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People v. Coleman

OPINION FILED JULY 22, 1985.

THE PEOPLE OF THE STATE OF ILLINOIS, PLAINTIFF-APPELLEE,

v.

RICHARD COLEMAN, DEFENDANT-APPELLANT.



Appeal from the Circuit Court of Rock Island County; the Hon. Jeffrey W. O'Connor, Judge, presiding.

JUSTICE WOMBACHER DELIVERED THE OPINION OF THE COURT:

Rehearing denied August 21, 1985.

The defendant, Richard Coleman, was convicted of murder and sentenced to a term of imprisonment of natural life. The victim was Ima Jean Smith, the woman with whom the defendant had been living. The sole issue raised on appeal is whether the trial court abused its discretion in considering the defendant's failure to exhibit remorse for his conduct when sentencing the defendant. We hold that the trial court did not err, and we affirm.

On July 23, 1981, Coleman was charged with the offense of murder. Following a jury trial, he was convicted of that offense and sentenced to a term of natural life imprisonment. Coleman appealed, and this court reversed his conviction, remanding the cause for a new trial. People v. Coleman (1983), 116 Ill. App.3d 28, 451 N.E.2d 973.

On March 26, 1984, Coleman was again tried for the offense of murder. He was found guilty of that charge and sentenced to a term of natural life imprisonment without parole. Coleman then filed the instant appeal.

The defendant argues that his sentence should be vacated and the cause remanded for resentencing because the trial court erred in considering the defendant's lack of remorse for his actions. The defendant specifically requests that we follow our decision in People v. Sherman (1977), 52 Ill. App.3d 857, 368 N.E.2d 205, where we held that a defendant's punishment may not be increased because he refuses to admit guilt following conviction.

We note initially that sentencing is a matter of judicial discretion and, absent an abuse of that discretion, a trial court's sentencing decision will not be disturbed on appeal. (People v. Cox (1980), 82 Ill.2d 268, 412 N.E.2d 541.) A trial court's decision as to the proper sentence must be based upon the particular circumstances of each case and depends upon many factors. Such factors include the defendant's credibility, demeanor, general moral character, mentality, social environment, habits, and age. People v. Perruquet (1977), 68 Ill.2d 149, 368 N.E.2d 882.

In the case at bar, the trial court considered all statutory factors in aggravation and mitigation. The court reviewed the defendant's extensive criminal record. The court also considered the defendant's history of alcohol and drug abuse.

In sentencing the defendant to a term of natural life imprisonment, the trial court based its decision on several factors. First, no statutory factors in mitigation were found to exist. The court found the following factors in aggravation to be applicable: the defendant's criminal history and the exceptionally brutal nature of the murder. The victim died of suffocation caused by a rag "being lodged with force into the throat." The victim was also severely beaten, which resulted in numerous broken ribs. Such conduct by the defendant was viewed by the court as exceptionally brutal or heinous behavior indicative of wanton cruelty. The trial court concluded that the defendant's acts fell within the statutory guidelines for the imposition of a natural life sentence based on these factors. Ill. Rev. Stat. 1983, ch. 38, par. 1005-8-1(a)(1)(b).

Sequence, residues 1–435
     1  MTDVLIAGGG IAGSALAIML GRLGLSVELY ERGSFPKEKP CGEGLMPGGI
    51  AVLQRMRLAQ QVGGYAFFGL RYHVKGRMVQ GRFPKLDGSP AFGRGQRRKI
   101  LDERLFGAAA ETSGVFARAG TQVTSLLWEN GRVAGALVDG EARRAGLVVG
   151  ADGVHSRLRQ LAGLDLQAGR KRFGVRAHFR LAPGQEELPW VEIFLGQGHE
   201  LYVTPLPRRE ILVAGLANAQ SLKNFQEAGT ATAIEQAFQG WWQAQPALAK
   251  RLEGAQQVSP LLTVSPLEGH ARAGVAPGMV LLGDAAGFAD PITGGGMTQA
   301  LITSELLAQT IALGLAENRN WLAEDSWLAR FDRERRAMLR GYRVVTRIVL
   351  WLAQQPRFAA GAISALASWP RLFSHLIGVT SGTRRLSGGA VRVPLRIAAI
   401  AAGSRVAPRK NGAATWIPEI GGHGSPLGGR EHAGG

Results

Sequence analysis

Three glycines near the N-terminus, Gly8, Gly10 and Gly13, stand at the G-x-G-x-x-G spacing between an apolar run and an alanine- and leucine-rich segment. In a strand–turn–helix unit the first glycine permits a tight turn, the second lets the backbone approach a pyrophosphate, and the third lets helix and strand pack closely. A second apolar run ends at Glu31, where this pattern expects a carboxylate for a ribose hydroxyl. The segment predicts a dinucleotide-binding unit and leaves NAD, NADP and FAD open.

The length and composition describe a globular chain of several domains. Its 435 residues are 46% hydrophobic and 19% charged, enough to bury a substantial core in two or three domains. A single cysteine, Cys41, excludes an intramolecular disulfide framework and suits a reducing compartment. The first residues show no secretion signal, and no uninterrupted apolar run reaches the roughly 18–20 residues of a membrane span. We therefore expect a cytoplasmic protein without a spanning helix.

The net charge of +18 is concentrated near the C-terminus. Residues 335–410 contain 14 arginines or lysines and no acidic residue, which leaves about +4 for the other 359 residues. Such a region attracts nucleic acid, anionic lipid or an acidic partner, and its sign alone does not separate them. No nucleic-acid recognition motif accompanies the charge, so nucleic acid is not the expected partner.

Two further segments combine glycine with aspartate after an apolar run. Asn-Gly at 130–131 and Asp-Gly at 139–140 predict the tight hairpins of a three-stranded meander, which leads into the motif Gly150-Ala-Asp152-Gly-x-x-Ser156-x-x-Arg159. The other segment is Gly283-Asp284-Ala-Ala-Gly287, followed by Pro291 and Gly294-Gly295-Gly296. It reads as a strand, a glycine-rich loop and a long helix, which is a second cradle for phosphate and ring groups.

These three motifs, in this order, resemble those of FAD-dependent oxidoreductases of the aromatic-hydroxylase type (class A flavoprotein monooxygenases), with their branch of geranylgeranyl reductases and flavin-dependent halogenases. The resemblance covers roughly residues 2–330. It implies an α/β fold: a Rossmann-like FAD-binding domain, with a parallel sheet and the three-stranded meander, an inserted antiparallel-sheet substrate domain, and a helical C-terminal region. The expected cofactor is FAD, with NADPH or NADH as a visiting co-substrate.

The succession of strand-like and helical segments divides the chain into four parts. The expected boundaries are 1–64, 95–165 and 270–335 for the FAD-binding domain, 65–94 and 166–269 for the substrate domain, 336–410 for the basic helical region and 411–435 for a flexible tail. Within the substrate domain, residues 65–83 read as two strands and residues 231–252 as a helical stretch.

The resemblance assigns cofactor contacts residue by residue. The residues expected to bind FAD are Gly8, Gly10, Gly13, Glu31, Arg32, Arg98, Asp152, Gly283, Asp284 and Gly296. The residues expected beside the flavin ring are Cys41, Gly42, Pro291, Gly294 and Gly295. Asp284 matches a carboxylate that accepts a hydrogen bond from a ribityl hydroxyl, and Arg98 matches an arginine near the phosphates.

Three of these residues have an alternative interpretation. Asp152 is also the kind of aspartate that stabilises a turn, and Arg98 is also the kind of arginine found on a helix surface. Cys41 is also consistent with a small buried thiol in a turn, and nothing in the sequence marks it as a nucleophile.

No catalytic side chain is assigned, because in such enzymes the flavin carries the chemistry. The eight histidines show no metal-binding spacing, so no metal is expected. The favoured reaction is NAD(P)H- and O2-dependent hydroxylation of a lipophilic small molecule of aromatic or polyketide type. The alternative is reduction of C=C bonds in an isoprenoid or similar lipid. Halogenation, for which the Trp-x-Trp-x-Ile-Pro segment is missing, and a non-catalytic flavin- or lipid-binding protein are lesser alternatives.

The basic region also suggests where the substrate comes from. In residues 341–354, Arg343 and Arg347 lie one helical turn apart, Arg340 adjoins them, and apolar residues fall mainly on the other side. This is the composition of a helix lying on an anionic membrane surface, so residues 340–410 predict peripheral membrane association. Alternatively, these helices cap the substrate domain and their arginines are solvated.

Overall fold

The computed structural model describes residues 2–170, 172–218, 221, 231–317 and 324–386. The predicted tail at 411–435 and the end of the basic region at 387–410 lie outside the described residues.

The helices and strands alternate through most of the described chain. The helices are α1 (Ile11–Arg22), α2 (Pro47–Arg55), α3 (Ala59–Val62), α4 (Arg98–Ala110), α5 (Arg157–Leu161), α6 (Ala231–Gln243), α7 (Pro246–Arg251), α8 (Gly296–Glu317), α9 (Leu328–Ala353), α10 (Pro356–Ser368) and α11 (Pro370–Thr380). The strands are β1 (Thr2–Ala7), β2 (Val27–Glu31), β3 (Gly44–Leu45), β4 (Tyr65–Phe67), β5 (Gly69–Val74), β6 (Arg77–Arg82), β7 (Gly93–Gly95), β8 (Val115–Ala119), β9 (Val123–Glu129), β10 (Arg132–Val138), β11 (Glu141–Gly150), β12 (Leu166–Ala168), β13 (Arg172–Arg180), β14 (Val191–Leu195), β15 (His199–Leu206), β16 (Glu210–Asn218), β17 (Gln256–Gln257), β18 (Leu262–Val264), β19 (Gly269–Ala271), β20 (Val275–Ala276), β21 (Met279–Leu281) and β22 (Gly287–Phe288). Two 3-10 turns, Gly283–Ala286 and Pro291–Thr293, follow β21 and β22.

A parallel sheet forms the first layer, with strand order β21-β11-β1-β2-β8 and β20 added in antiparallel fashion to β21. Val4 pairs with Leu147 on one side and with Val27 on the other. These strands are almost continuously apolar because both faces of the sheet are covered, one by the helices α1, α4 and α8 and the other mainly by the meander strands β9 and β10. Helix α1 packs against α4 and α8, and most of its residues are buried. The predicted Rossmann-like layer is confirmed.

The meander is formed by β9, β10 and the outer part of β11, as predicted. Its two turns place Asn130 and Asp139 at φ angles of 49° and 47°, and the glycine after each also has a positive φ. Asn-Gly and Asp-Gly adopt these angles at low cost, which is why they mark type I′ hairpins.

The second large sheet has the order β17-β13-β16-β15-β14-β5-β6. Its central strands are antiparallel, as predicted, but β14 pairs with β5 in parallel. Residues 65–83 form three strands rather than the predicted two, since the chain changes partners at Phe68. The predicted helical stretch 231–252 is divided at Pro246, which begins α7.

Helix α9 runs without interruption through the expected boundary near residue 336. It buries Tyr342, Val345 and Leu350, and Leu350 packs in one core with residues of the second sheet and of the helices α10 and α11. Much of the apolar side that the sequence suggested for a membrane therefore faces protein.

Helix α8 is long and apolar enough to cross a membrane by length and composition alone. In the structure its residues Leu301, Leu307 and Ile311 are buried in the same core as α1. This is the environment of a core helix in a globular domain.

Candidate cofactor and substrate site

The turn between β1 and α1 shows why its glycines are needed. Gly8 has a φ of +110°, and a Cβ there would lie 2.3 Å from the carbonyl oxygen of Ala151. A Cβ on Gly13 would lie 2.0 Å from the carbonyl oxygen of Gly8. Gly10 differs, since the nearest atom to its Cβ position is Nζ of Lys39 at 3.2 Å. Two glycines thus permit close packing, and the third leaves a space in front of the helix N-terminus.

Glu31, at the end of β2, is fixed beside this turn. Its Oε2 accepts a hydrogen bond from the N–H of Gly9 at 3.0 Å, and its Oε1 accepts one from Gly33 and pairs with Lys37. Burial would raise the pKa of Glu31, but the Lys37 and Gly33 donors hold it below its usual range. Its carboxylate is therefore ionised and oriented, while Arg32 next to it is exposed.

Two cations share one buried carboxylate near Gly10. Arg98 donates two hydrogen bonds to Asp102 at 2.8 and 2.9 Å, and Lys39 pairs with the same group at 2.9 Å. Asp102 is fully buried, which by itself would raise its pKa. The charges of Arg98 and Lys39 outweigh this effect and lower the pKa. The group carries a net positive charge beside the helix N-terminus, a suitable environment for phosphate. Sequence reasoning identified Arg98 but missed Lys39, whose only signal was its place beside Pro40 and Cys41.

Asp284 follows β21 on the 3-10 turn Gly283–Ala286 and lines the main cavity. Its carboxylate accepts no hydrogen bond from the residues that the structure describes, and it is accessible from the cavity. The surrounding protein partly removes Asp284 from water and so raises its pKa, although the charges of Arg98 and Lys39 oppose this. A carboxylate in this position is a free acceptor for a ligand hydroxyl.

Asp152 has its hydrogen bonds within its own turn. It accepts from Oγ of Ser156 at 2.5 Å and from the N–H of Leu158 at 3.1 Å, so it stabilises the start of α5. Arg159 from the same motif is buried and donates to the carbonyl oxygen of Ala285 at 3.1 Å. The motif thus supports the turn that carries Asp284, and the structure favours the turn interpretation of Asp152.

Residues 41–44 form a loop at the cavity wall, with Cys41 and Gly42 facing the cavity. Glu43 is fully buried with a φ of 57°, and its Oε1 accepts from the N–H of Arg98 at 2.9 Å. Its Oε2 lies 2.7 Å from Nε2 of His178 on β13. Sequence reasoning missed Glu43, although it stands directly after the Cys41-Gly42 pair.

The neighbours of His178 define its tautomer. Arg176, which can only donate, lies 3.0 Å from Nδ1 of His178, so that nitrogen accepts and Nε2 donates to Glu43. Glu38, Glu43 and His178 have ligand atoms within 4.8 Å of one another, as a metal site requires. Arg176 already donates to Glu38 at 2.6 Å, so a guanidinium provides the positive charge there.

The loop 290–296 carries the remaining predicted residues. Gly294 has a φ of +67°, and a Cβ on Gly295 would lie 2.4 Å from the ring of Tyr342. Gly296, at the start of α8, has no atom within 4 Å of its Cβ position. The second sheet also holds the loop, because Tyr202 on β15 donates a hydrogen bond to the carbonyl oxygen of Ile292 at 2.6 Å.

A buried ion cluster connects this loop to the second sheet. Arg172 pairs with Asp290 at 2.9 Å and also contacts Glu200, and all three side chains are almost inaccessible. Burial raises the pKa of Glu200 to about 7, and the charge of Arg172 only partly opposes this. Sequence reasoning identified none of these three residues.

It is well established that a defendant's penitent attitude or his lack of remorse may be considered by a court in imposing sentence. (People v. La Pointe (1982), 88 Ill.2d 482, 431 N.E.2d 344.) It is also permissible to infer a defendant's lack of sorrow or remorse from statements made to the trial court or contained in presentence reports. People v. Moffett (1977), 55 Ill. App.3d 939, 371 N.E.2d 364.

Consideration of the defendant's attitude at the time of sentencing does not mean, however, that a more severe sentence may be imposed on defendants who assert their innocence. (People v. Griffiths (1983), 112 Ill. App.3d 322, 445 N.E.2d 521.) As we stated in People v. Sherman (1977), 52 Ill. App.3d 857, 368 N.E.2d 205, rewarding a defendant for a post-trial admission of guilt would violate the defendant's right of appeal.

• 1 The defendant's attitude as it reflects his rehabilitative potential is the standard by which courts of review determine whether sentencing was improperly influenced by a failure to admit guilt following conviction. (People v. Speed (1984), 129 Ill. App.3d 348, 472 N.E.2d 572.) If the sentencing court indicated in some manner that an admission of guilt would reduce the defendant's sentence, then the sentence was improperly influenced by the defendant's claim of innocence. (See People v. Sherman (1977), 52 Ill. App.3d 857, 368 N.E.2d 205.) If a court, however, simply considers the defendant's degree of remorse in relation to his potential for rehabilitation, then it may properly refer to the defendant's denial of guilt. People v. Costello (1981), 95 Ill. App.3d 680, 420 N.E.2d 592.

In the case at bar, the trial court filed a supplemental memorandum subsequent to the defendant's sentencing. The court stated additional criteria which had been considered along with the other factors before the defendant was sentenced. The court specifically addressed the defendant's rehabilitative potential and then concluded with reference to the defendant's lack of remorse:

"* * * while the defendant chose to make no sworn or unsworn statement in Court prior to sentencing he did deny any knowledge of this crime in his statement contained in the presentence investigation report. Considering this and all the testimony heard in the case, it is apparent that Mr. Coleman ...


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